Recorded in conjunction with the London v Mitcham game on Thu 13 May.

11 September (S) Surrey v Middlesex [1] Moulsey Hurst Surrey 2 runs

Reported a week later on Sat 18 September by the Whitehall Evening Post. The match was for 50 guineas a side.

20 September (M) Surrey v Kent [2] Kennington Common Surrey by 2 wkts

Scores are known: Kent 41 & 53; Surrey 71 & 24-8.

During this match, an incident occurred in the crowd. Three soldiers apprehended a deserter but the crowd turned on them, rescued the deserter and "after a severe discipline let them go about their business"!

Fresh Light added to this by quoting the General Evening Post on Sat 18 September.[1] This report said the Kent team consisted of "the same that beat Middlesex last year on Moulsey Hurst and Bromley Common". Mr Buckley gives examples of when this report was variously quoted by other publications, including WDC, and dated wrongly. The content is itself incorrect as the teams played by Kent in the two matches were London & Middlesex at Moulsey Hurst and London Club at Bromley Common.

22 September (W) Middlesex v Surrey [1] Lamb’s Conduit Field result unknown

Announced the previous day in the London Evening Post.

4 October (M) [3] Kent v Surrey [2] Coxheath drawn (rain)

First innings scores were level when the rain began, though Kent still had five wickets in hand. The date was given by Kent Cricket Matches after Cricket Scores had vaguely placed the date in September.

Other events[edit]

June. Mr Waghorn in Cricket Scores recounts a report of a single wicket match on Kennington Common. This names Mr Wakeland the distiller and Mr George Oldner playing together against two "famous" Richmond players who are "esteemed the best two in England". Unfortunately the esteemed pair are not named, though one of them suffered serious facial injuries in this game when the ball came off his bat and hit his nose. The report rails against "human brutes" who insisted he should play on despite his injuries, their money being more important, of course! [2]

Fri 9 July. Rayner’s Morning Advertiser announced a same day match at White Lion Fields in Streatham between Streatham and London. No report of the game was found; it might not have been a major match.[1]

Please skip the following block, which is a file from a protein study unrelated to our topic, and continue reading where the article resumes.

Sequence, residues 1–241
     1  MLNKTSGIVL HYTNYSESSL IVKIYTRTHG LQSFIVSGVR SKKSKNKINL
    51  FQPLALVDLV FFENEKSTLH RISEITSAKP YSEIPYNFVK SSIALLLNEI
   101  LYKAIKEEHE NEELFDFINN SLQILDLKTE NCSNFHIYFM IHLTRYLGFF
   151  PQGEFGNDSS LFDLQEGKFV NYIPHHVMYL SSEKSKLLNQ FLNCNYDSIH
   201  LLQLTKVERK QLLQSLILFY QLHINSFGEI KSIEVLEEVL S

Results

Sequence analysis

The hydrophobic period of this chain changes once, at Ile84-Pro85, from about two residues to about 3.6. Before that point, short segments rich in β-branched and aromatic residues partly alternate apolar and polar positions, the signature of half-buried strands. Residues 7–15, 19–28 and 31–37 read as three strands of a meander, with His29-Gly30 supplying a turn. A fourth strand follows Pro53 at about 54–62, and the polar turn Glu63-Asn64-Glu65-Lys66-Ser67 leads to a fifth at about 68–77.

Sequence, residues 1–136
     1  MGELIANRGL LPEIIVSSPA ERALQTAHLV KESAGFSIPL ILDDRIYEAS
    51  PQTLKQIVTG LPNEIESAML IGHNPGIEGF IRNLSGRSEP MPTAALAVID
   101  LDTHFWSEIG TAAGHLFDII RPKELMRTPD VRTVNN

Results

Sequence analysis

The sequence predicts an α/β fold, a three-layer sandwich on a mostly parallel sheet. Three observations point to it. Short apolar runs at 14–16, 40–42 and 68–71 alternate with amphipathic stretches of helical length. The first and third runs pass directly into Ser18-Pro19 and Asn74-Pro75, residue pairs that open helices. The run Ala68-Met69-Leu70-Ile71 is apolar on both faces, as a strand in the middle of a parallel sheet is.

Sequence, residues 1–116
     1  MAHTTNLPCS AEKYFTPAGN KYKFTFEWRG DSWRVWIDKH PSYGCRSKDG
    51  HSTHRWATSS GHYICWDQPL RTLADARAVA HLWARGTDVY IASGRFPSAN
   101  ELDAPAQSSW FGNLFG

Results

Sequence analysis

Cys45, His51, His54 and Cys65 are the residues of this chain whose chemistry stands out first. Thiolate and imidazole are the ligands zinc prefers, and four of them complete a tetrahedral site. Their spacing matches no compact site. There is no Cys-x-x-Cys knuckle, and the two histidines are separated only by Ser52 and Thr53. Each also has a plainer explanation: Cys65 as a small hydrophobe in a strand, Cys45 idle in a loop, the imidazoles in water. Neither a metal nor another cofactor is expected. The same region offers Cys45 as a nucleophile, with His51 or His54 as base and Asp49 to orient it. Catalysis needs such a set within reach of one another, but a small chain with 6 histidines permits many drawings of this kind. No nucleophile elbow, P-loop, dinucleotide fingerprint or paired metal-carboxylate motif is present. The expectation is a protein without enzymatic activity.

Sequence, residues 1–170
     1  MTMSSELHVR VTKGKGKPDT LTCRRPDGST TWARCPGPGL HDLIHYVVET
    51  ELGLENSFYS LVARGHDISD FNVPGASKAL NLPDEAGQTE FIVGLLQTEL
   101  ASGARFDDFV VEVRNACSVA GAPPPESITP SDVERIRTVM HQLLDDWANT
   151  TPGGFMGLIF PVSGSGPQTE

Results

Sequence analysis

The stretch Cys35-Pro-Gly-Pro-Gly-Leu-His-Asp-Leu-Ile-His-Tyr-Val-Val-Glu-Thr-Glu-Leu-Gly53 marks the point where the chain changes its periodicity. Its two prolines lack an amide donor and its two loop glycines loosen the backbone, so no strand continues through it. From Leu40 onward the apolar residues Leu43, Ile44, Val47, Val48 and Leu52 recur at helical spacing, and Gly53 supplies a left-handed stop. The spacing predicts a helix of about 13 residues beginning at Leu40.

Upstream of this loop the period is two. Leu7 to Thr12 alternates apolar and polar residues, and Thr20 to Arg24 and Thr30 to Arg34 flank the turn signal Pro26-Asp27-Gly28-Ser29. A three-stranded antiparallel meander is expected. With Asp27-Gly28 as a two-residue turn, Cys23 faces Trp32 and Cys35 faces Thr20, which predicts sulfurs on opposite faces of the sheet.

1. ^ a b c d e f g h i j k l m n G B Buckley, Fresh Light on 18th Century Cricket, Cotterell, 1935
  2. ^ a b c d e f H T Waghorn, Cricket Scores, Notes, etc. (1730-1773), Blackwood, 1899
  3. ^ F S Ashley-Cooper, Kent Cricket Matches 1719-1880, Gibbs & Sons, 1929


  • Buckley, G. B. (1935). Fresh Light on 18th Century Cricket. Cotterell. 
  • McCann, Tim (2004). Sussex Cricket in the Eighteenth Century. Sussex Record Society. 
  • Waghorn, H. T. (1899). Cricket Scores, Notes, etc. (1730–1773). Blackwood. 
  • Waghorn, H. T. (1906). The Dawn of Cricket. Electric Press. 
  • Wilson, Martin (2005). An Index to Waghorn. Bodyline. 

Additional reading[edit]

  • ACS (1981). A Guide to Important Cricket Matches Played in the British Isles 1709 – 1863. Nottingham: ACS. 
  • Altham, H. S. (1962). A History of Cricket, Volume 1 (to 1914). George Allen & Unwin. 
  • Birley, Derek (1999). A Social History of English Cricket. Aurum. 
  • Bowen, Rowland (1970). Cricket: A History of its Growth and Development. Eyre & Spottiswoode. 
  • Buckley, G. B. (1937). Fresh Light on pre-Victorian Cricket. Cotterell. 
  • Major, John (2007). More Than A Game. HarperCollins. 
  • Marshall, John (1961). The Duke who was Cricket. Muller. 
  • Maun, Ian (2009). From Commons to Lord's, Volume One: 1700 to 1750. Roger Heavens. ISBN 978-1-900592-52-9. 
  • Underdown, David (2000). Start of Play. Allen Lane. 

External links[edit]